Who was listening though? And who will now take much notice of Angelides? Some of his work has been intellectually influential (there have been over 220 citations of his paper “Feminism, child sexual abuse, and the erasure of child sexuality” on Google Scholar, an exceptional score) but it is already clear that his new book has not set the publishing world on fire, nor the reviewers or the public. Put it this way: in the Amazon Best Sellers Rank, as I write, it is not in the top 100, or the top 1000, or even the top million. It languishes at position number 3,100,263!
But, hey, let’s not judge a book by its popularity. The Fear of Child Sexuality does at least explore and clarify issues of importance to us heretics. I do not regret the time I spent reading it.
SUFFRAGE LITTLE CHILDREN
Jesus said “suffer little children to come unto me”. He did not say extend the suffrage to children. But as we find ourselves coming up to a general election in the UK in less than two weeks from now we might want to ponder whether votes for kids would be a good idea. They could hardly get us into a bigger mess than the country is in at the moment, torn apart as we are over Brexit.
Oddly enough this idea has just been proposed not from the radical fringes of politics but by Polly Mackenzie, who served as director of policy to deputy prime minister Nick Clegg in the Conservative-Liberal Democrat coalition government, from 2010-2015. In an article for the rather good online journal UnHerd, she points out out that the age of criminal responsibility in England is 10, and says:
How can we argue that a 10-year-old has the judgement required to understand the law and the consequences of breaking it – and then argue that a 10-year-old doesn’t have the judgement required to understand democracy or the consequences of voting? If you have to follow the law, you should have a role in making it.
As briefly mentioned above, another book review of mine was published recently. This was an extensive (over 4,000 words) critique of The Cambridge Handbook of Sexual Development: Childhood and Adolescence, a huge (600+ pages) multi-author academic tome from Cambridge University Press. The article is in Sexuality & Culture. As will be seen at the journal’s official link, which has the Abstract, publishers Springer Nature are charging £34.74 for the privilege of reading the full text, which pro rata would work out at around a princely £1,000 for a book of average length. Not that I will see so much as a penny from any sales as the traditional academic publishing model involves scholars surrendering their commercial interest. Happily, though, free full-text access is available here.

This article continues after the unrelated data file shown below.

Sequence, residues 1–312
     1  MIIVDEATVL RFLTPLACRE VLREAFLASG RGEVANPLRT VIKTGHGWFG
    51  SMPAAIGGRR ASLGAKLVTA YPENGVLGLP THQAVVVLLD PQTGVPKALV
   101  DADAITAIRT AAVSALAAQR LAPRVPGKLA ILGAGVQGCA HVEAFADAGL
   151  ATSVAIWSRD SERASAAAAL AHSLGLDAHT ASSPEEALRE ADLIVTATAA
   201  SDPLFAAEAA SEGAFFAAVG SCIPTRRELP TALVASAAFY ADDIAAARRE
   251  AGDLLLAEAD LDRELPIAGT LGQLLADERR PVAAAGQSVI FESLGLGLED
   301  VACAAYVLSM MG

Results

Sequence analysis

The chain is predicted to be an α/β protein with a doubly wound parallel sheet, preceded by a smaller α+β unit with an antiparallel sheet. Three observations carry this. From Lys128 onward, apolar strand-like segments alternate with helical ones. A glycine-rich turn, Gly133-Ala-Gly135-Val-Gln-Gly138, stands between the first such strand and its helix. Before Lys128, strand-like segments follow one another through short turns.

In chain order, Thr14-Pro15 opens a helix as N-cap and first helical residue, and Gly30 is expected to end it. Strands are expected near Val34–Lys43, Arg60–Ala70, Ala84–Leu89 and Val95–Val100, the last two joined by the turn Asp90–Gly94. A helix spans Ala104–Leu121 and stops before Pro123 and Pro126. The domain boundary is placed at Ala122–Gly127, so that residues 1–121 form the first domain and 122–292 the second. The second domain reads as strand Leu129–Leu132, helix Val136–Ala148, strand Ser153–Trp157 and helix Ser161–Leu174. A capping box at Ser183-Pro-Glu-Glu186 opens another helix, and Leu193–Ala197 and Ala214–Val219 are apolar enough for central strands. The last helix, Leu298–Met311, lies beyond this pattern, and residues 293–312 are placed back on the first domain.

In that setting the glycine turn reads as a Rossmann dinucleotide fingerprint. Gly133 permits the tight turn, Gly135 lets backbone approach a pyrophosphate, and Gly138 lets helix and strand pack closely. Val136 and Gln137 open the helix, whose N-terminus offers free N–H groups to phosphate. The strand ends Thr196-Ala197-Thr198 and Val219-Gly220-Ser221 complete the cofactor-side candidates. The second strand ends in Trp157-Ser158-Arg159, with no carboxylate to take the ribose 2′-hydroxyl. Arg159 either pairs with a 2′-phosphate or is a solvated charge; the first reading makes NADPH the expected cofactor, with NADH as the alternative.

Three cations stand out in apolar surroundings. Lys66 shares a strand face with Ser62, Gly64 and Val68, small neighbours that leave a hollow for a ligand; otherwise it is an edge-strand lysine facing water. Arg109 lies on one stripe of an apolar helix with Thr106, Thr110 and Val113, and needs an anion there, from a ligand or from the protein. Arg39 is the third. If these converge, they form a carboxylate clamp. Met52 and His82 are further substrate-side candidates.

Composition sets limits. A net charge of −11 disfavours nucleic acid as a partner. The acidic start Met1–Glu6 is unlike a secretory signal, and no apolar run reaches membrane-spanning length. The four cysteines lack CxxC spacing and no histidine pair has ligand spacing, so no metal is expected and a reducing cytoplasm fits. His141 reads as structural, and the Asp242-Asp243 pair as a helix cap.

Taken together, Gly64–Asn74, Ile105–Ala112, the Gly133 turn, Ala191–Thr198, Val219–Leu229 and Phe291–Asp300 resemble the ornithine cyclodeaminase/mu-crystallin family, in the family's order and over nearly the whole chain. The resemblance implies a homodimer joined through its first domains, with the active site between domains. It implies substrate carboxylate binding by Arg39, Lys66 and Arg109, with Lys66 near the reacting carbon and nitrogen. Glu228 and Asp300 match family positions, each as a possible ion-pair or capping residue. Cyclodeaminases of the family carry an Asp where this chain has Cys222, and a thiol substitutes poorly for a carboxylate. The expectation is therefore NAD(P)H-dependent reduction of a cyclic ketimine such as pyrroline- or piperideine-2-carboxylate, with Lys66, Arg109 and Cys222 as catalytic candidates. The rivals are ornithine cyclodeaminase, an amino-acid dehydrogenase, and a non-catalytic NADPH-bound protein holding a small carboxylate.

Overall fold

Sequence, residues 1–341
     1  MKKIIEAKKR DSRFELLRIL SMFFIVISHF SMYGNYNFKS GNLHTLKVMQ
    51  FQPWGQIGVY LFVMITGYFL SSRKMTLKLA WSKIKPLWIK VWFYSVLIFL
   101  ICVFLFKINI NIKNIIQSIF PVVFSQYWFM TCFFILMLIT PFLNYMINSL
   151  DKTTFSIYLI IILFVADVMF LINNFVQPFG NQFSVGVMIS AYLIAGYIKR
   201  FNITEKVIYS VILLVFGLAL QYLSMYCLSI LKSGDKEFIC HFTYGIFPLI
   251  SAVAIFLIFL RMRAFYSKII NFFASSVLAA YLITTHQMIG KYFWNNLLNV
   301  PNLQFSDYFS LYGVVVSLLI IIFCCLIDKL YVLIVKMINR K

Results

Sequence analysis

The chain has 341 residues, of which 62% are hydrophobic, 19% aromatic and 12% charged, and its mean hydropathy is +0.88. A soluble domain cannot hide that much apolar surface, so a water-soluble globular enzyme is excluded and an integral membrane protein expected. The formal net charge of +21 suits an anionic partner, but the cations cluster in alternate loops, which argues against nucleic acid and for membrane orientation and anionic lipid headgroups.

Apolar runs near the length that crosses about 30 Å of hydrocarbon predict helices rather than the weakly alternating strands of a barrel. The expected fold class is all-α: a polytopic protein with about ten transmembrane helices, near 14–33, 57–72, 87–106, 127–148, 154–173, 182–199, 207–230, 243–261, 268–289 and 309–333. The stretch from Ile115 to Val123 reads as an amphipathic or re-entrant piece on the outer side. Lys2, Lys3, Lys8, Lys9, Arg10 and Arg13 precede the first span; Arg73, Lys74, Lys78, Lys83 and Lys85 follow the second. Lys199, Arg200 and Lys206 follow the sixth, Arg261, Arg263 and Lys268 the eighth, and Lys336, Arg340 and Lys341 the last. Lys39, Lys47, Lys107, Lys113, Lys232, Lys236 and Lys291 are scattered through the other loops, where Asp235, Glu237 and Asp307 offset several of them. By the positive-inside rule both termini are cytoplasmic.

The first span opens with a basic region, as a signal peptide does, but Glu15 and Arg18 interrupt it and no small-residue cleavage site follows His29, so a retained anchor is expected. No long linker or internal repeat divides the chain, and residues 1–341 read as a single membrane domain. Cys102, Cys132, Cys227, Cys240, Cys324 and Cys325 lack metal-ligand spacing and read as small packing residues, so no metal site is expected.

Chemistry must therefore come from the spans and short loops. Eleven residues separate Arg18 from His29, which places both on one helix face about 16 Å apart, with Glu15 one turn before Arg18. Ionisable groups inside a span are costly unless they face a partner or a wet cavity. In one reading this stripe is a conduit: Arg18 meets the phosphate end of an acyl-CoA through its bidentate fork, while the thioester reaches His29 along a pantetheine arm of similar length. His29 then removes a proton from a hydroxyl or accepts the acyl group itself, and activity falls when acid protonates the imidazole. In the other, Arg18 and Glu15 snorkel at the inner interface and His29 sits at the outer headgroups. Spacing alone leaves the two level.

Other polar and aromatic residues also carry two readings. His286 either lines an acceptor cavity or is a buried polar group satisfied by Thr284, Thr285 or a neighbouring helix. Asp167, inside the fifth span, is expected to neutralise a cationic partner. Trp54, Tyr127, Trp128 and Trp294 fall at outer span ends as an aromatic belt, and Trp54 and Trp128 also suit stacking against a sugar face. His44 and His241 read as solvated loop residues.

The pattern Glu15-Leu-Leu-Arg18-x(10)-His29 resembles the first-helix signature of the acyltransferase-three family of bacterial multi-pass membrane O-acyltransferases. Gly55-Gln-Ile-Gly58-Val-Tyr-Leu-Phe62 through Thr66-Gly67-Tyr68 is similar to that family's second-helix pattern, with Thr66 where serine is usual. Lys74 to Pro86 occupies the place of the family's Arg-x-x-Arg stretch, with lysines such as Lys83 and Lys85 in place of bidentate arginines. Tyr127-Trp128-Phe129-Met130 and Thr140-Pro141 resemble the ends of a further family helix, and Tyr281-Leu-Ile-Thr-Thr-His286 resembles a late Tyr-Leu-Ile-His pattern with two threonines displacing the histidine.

As many be imagined, it was very gratifying to a “paedophilia apologist” such as myself to be afforded a prestigious platform on which to pontificate about, of all things, childhood sexual development. Perhaps S&C were assuming that only paedos have sufficient direct knowledge of the subject to be able to write with authority on the matter! However that may be, I can report that a couple of professors have already responded: one found my review “very interesting”; another sent a PDF of her latest paper, saying she thought her work would interest me – it did!
INCREDIBLE AND FALSE
The hot news this morning is that former MP Harvey Proctor is to get a £900,000 pay-out from the police in London after being subject to false accusations of brutality, rape and murder against children.
This is the latest fall-out from the Met police’s Operation Midland investigation, which disastrously chose to believe lurid, bizarre and utterly incredible allegations made by fantasist Carl Beech, who claimed boys were raped and tortured in the 1970s and 80s by members of a VIP paedophile ring involving leading figures in politics and government. Even more astonishing, and incredibly stupid, was that a senior officer – supported from the very top of the force – went public with the declaration that Beech’s fabrications were “credible and true”. Beech is now serving an 18-year prison sentence for perverting the course of justice and fraud.